I heard this pitch behind closed doors with AMD during E3 back in June as the company talked about its upcoming Radeon cards, the new Never Settle Forever tiers and APUs residing in the new consoles. PC gaming will get a boost from the new generation of hardware because the platform will no longer be a second thought now that all three are basically on the same page. Sure, each platform will have their unique selling points (proprietary features), but from here on out, development shouldn't be such a pain in the… um, backside.
Matt Skynner, the company's Corporate Vice President and General Manager of AMD's Graphics Business Unit, reassured PC gamers in an interview with Forbes that the days of neglect are likely over. The PC gaming segment is alive, it's doing well, and growing. With the new generation, the architectures are similar, therefore development costs are reduced, and much easier to create multi-platform games than before.
"The new consoles too triggered a rush in game engine development," he said. "Anytime developers are spending new effort and new focus on designing new engines, then of course they're going to release PC games that feature these technologies."
"When consoles are first launched, games are first developed on console and then ported to PC," he added. "Because it's our architecture there, it's easier to port the games. And because they're first developed on our hardware, there should be a performance advantage. They should run better on our hardware. So if we can create that performance advantage on the PC, from a graphics point of view, then we can give our customers a better gaming experience and grow our market share."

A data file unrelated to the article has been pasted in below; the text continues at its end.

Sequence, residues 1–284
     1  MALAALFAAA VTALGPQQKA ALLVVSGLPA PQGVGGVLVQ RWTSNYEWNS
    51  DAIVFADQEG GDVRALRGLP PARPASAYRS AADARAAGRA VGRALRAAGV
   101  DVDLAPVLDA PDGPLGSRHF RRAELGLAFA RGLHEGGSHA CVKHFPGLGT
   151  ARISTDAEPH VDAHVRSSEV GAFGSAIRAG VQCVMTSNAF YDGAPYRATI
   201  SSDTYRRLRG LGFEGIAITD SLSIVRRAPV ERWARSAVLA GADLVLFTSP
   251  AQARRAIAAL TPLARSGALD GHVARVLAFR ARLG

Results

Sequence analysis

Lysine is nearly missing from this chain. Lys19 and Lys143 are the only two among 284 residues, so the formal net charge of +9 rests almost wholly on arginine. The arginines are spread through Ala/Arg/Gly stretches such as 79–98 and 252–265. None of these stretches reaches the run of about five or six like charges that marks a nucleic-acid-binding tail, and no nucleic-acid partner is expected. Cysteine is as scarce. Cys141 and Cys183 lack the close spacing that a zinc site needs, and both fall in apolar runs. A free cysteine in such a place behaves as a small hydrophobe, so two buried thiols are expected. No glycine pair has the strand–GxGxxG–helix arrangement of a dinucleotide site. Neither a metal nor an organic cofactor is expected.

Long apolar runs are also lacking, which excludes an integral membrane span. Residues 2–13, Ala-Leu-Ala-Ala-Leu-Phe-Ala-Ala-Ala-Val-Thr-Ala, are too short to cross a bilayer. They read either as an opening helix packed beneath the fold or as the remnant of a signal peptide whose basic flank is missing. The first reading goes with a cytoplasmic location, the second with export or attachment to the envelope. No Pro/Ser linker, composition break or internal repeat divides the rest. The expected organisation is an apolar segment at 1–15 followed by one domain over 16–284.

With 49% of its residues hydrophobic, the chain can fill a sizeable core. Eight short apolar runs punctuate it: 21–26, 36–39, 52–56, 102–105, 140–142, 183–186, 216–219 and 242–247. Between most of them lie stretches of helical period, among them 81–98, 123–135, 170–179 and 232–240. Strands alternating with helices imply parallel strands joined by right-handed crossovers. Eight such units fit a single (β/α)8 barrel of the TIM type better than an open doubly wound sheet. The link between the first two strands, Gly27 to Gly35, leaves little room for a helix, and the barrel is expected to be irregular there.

He also talked about our hands-on of the Radeon HD 7990 in CrossFire after Forbes called the article "scathing." Chris wanted to find out how these massive cards coexist both acoustically and thermally within the same Cooler Master HAF X enclosure. With two retail cards installed and running Unigine's Heaven for three or four minutes, the GPUs were hitting the 102-degree protection point. Far Cry 3 crashed after heating up to 98 degrees. Even more, Chris also talked about a single 7990 card having frame pacing issues back in April.
"MAINGEAR proved that CrossFired 7990s is a perfectly viable option for enthusiast gamers," Skynner said. "It's a solution they've been shipping to the market for a while. With regards to performance, we've already released the AMD Catalyst 13.8 driver which addresses the frame pacing concerns outlined in that article. I think we've done an excellent job of addressing everything in that article. Today the 7990 is unequivocally the fastest video graphics card on the market."
The Q&A goes on to talk about the upcoming press event regarding the next-generation Radeon series, the Never Settle Forever bundle, the future of APUs and more. To read the full interview, head here.